Implementing Change

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Implementing Change
Omar Essar
HCS 475
January 2, 2013
Dr. Baron Smith

Implementing Change
Positive or negative, change can be challenging to manage because employees need to be on board and be obliged to make necessary changes as well as adjust his or her work habits. When implementing change, a manager may run into numerous obstacles from resistance from the staff to morale issues. This is primarily caused by a lack of understanding by the employees and a fear of how the change will affect him or her directly. Implementing change within an organization can be extremely difficult without a manager who understands d his or her role and responsibilities. This could be the deciding factor of whether or not the organization will succeed or fail when instituting change to the establishment (Mihai, 2009). It is the manager’s responsibility to understand how to address and put the change into action along with properly overseeing resistance from the staff. A manager must effectively assess, plan, implement, and evaluate the change he or she intends to put into practice to abet the staff in adjusting to modification.

To implement successful changes, the manager must undertake an active role in the change process. When implementing a change to an organization, managers must act as a catalyst to ensure the modification process runs smoothly for one phase to another until the modifications become permanent. The managers responsible for the implementation must demonstrate interpersonal skills, motivate employees, be flexible, confident, and possess the ability to develop ideas. It is crucial for those in a managerial position to possess these characteristics. Although managers are not often the precipitator of change, he or she is responsible for leading the change throughout the organization (Ratini, 2011).

Many individuals mistakenly forget that there are three distinct categories that must be addressed when implementing change, change in people, change in the process, and change in equipment. When the three parts are lumped together change may be difficult to put into effect. A manager in charge of implementing change must not forget to keep the categories compartmentalized to avoid needless aggravation and stress (Jackson, 2008).

The first category, change in people, is how the employee relate to one another and how the newly implemented change is going to affect the functions of the organization. When implementing a change, it is crucial that the manager communicates to all staff members why the change is necessary. According to Jackson (2008),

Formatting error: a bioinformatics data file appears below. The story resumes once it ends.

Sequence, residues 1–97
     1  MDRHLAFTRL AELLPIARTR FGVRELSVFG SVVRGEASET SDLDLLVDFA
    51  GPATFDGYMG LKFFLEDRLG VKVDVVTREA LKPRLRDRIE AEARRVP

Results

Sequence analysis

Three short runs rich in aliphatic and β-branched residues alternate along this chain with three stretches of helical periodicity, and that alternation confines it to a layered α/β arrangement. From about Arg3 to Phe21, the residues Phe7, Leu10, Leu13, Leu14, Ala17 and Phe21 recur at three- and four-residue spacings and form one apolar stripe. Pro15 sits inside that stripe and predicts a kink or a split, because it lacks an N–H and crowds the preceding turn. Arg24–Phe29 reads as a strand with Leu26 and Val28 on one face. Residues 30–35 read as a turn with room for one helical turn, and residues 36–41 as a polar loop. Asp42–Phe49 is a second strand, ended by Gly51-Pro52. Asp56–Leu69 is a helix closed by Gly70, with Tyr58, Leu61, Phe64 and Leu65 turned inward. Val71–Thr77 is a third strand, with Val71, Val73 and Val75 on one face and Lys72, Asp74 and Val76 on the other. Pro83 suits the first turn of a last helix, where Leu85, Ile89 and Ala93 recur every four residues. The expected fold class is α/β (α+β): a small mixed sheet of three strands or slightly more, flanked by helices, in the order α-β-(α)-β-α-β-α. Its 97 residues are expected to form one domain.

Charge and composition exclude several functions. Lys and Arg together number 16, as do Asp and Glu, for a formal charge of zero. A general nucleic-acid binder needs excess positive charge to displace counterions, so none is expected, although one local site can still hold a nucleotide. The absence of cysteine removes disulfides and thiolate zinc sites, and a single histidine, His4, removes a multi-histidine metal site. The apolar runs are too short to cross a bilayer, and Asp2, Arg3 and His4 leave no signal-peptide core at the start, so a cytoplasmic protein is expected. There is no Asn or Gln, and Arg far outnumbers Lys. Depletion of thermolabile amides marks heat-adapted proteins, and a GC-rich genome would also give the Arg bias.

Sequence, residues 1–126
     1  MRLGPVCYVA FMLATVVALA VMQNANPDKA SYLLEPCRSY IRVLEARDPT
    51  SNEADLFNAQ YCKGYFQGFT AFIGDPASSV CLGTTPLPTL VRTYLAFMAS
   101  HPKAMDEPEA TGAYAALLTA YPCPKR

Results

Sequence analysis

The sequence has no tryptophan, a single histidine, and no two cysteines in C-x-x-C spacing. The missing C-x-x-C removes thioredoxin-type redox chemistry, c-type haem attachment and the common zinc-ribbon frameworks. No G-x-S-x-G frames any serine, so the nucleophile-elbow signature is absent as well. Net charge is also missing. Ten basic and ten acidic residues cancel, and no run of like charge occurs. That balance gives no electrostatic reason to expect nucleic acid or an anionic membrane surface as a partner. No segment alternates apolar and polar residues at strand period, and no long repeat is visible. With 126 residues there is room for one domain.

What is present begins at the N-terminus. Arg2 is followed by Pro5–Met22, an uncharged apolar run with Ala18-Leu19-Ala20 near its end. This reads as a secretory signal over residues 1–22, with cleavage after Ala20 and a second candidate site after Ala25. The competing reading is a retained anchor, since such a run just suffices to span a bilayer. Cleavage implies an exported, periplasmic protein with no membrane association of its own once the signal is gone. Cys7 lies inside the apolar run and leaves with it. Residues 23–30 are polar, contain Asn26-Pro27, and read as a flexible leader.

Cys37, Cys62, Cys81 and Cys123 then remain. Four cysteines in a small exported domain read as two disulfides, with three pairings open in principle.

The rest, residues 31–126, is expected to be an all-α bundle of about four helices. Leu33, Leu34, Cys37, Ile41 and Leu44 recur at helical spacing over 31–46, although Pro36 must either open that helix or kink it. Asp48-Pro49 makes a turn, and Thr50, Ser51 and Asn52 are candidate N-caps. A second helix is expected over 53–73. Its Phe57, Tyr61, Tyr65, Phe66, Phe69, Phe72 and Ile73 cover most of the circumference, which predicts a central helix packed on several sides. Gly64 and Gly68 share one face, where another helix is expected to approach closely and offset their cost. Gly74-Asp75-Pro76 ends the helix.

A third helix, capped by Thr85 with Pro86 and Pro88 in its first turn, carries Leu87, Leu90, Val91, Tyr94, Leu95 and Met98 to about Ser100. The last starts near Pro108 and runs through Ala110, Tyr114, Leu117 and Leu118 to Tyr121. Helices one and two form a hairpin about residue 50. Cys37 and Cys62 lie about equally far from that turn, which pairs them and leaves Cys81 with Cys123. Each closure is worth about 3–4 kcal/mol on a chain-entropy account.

the explanation must be detailed enough to encourage a personal investment on the part
of your staff for the success of the change. If staff do not feel a real need for change, or
have not made a commitment to its implementation it will not only take longer to make
the change, but also the change will not be long term and sustainable (para. 5). A common mistake managers and other leaders make when implementing a change, is he or she assumes that because he or she can see the objective and picture clearly, that the rest of the staff can as well. In order for managers to implement change successfully, he or she must take into consideration what the staff can and cannot apprehend. All employees must have a common understanding about the changes that will be implemented as well as how it will be beneficial to him or her. If he or she realizes personal benefits not only to them, but also to his or her work environment as well, he or she will respond positively to the change. If the change is going to affect people and how he or she communicates with one another, the involvement of the staff is crucial for effectively implementing change (Jackson, 2008).

The second category that must be addressed when implementing change is in the organization’s processes. This category deals with how the organizations analyze forms and processes to make...
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